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J Neurosci Methods. 2017 Oct 1;290:145-150. doi: 10.1016/j.jneumeth.2017.07.026. Epub 2017 Jul 25.

Improved method for cannula fixation for long-term intracerebral brain infusion.

Author information

1
University of Oslo (UiO) & Oslo University Hospital (OUS), Department of Neuro-/Pathology, 0424 Oslo, Norway.
2
University of Oslo (UiO), Institute of Clinical Dentistry, Department of Biomaterials, 0317 Oslo, Norway.
3
University of Latvia (LU), Faculty of Medicine, Department of Pharmacology, 1586 Riga, Latvia.
4
Latvian Institute of Organic Synthesis (OSI), Department of Physical Organic Chemistry, 1006 Riga, Latvia; Karolinska Institute (KI), Dept. NVS, Center for Alzheimer Research, Division for Neurogeriatrics, 14152 Stockholm, Sweden.
5
University of Oslo (UiO) & Oslo University Hospital (OUS), Department of Neuro-/Pathology, 0424 Oslo, Norway. Electronic address: markus.krohn@medisin.uio.no.
6
University of Oslo (UiO) & Oslo University Hospital (OUS), Department of Neuro-/Pathology, 0424 Oslo, Norway; University of Lübeck (UzL), LIED, 23538 Lübeck, Germany; Leibniz Institute for Plant Biochemistry (IPB), 06120 Halle, Germany. Electronic address: jens.pahnke@medisin.uio.no.

Abstract

BACKGROUND:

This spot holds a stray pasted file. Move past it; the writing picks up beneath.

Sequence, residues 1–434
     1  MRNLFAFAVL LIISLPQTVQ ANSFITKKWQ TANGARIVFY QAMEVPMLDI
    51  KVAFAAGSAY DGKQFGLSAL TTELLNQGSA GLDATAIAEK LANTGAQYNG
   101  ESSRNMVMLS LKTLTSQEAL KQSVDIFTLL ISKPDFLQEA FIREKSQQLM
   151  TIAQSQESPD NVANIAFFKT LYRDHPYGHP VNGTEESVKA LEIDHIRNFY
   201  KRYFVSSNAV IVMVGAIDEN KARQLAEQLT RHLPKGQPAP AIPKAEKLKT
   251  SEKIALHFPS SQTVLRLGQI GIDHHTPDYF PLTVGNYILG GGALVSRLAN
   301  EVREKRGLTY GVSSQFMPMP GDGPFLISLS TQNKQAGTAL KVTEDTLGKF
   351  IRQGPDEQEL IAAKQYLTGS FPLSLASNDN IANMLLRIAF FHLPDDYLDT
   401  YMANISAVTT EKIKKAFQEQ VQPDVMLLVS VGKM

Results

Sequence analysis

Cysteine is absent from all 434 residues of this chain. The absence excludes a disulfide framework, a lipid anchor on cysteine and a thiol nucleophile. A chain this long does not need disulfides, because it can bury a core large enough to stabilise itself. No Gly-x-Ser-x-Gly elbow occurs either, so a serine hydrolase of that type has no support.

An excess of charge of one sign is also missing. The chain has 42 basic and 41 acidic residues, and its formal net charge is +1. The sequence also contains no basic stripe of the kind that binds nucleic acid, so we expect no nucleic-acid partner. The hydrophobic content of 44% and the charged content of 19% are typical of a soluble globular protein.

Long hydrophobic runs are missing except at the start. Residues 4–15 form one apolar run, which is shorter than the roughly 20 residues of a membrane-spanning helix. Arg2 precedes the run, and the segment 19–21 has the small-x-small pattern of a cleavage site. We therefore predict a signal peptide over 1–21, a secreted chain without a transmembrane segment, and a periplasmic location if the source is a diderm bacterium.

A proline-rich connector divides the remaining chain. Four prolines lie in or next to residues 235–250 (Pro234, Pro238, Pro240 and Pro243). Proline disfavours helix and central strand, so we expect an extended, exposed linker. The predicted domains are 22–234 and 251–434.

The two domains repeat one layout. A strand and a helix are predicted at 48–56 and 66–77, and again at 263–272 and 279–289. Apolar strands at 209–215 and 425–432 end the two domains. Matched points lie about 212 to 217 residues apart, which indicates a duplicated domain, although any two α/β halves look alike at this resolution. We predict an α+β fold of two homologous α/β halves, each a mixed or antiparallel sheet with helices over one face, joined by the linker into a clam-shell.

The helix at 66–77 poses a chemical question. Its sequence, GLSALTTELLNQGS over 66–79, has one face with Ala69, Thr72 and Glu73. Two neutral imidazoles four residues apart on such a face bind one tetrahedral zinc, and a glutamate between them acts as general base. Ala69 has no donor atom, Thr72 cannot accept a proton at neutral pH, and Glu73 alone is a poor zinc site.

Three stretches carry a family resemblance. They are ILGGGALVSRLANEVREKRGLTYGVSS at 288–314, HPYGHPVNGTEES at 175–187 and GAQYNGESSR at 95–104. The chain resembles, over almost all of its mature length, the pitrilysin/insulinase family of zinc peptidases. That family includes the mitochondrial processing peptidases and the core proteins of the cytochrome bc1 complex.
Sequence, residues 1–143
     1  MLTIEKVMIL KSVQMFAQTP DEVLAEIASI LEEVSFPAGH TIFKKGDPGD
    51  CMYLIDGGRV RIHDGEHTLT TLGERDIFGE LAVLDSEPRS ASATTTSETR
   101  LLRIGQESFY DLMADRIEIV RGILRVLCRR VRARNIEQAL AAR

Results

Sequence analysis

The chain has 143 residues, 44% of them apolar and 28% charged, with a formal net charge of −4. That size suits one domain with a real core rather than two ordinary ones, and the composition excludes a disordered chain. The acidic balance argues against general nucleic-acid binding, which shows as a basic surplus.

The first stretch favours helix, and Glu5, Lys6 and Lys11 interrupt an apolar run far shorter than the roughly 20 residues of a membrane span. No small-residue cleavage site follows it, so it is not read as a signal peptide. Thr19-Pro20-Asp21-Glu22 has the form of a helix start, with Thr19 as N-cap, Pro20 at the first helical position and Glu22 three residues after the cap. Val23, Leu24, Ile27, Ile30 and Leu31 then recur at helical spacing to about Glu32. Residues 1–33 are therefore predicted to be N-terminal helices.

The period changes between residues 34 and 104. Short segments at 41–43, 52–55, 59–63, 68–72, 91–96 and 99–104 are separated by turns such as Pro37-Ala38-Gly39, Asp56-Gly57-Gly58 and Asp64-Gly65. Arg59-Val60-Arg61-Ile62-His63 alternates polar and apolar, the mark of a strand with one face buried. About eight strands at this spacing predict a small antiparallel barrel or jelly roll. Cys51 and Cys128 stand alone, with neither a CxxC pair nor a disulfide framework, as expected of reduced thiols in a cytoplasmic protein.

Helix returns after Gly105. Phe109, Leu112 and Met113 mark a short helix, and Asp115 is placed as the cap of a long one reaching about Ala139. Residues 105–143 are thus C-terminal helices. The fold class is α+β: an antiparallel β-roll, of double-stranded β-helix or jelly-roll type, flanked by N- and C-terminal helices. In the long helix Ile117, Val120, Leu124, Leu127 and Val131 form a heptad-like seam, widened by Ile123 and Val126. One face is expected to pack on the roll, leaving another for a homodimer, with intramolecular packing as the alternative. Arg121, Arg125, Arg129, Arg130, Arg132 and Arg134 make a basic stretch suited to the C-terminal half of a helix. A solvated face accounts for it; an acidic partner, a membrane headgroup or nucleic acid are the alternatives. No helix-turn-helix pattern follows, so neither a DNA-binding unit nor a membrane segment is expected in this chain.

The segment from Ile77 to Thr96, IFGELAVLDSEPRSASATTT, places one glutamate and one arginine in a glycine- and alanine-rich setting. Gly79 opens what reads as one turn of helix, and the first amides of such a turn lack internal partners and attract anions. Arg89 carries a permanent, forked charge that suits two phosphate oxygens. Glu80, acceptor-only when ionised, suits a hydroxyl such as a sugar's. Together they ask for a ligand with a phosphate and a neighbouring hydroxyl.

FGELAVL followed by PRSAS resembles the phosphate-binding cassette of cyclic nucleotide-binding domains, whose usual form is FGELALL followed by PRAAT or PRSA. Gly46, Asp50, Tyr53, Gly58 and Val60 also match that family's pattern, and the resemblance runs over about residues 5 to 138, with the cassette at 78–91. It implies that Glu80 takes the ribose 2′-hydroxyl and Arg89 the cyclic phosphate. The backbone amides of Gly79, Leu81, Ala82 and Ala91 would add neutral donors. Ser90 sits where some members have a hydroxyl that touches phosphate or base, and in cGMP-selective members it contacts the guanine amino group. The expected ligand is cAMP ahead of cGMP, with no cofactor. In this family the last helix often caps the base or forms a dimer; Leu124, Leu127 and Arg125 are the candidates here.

Implanted osmotic minipumps are commonly used for long-term, brain-targeted delivery of a wide range of experimental agents by being connected to a catheter and a cannula. During the stereotactical surgery procedure, the cannula has to be placed correctly in the x-y directions and also with respect to the injection point in the z-direction (deepness). However, the flat fixation base of available cannula holders doesn't allow an easy, secure fixation onto the curve-shaped skull.

NEW METHOD:

We have developed a modified method for a better fixation of the cannula holder by using an easy-to-produce, skull-shaped silicone spacer as fixation adapter.

RESULTS:

We describe the application and its fast and reliable production in the lab.

COMPARISON WITH EXISTING METHOD(S):

Superglue or cement is currently being used as the method of choice. However, the curve-shaped skull surface does not fit well with the flat and rigid cannula adapter which leads to fixation problems over time causing wide infusion channels and often also to leakage problems from intracerebrally applied agents towards the surface meninges. As another consequence of the inappropriate fixation, the cannula may loosen from the skull before the end of the experiment or it causes damage to the brain tissue, harming the animals with leading to a failure of the whole experiment.

CONCLUSIONS:

The easy-to-produce spacer facilitates the crucial step of long-term, stereotactic brain infusion experiments with intracerebral catheters in a highly secure and reproducible way.

KEYWORDS:

Brain infusion; Cannula fixation; Mouse model; Osmotic pump; Silicone; Stereotactic operation

PMID:
28754434
DOI:
10.1016/j.jneumeth.2017.07.026
[Indexed for MEDLINE]

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